Did not find as many full logs in good shape as I would have like, been it didn't turn out as bad as it could have been.
Over the years this particular cabin had had a few modification of new doors and windows done to it that there were not a whole lot of long logs to begin with.
This log to the left would have been the first log on top of the sill (first log down). The sill log is the one setting on top of the foundation.
This log to the left would be the next one, one of two connecting the two sill logs.
Usually the first log on top of the sill log would have this type of notch. Not a 'V' or 'dovetail' notch.
The logs after this one would then have the other notches.
Look how clean that notch is!
The sill logs would also often be where the floor joists were anchored to.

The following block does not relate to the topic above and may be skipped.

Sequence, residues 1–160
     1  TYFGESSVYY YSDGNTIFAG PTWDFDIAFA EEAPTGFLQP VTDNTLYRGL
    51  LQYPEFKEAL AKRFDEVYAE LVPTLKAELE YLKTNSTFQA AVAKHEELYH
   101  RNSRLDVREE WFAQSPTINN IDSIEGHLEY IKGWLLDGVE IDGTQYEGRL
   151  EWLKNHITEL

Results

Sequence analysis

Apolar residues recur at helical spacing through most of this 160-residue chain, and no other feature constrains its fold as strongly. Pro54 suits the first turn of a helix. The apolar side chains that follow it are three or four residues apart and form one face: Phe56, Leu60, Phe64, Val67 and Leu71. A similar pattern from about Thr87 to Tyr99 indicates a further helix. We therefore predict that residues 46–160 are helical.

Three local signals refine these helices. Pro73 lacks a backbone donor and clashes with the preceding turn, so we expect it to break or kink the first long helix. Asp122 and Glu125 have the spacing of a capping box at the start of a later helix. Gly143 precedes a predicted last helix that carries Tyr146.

This log is one of the two top plate logs.
The last logs to go on.
The one the rafters are attached to.
The two wonderful notches tie the whole cabin together.
Here it is behind my car.
On these logs below, on the finished ends, you can see small holes drilled in them.
This would indicate the logs where doors or windows would have been. The door and window frames, in older cabins, would have been hand hewn boards, then attached with wooden pegs about an inch in diameter. I am using a couple old window frames as coat and hat racks. (remind me to take a picture of those.)
Look closely and you can see where the floor joist notches are.
I will get a better picture.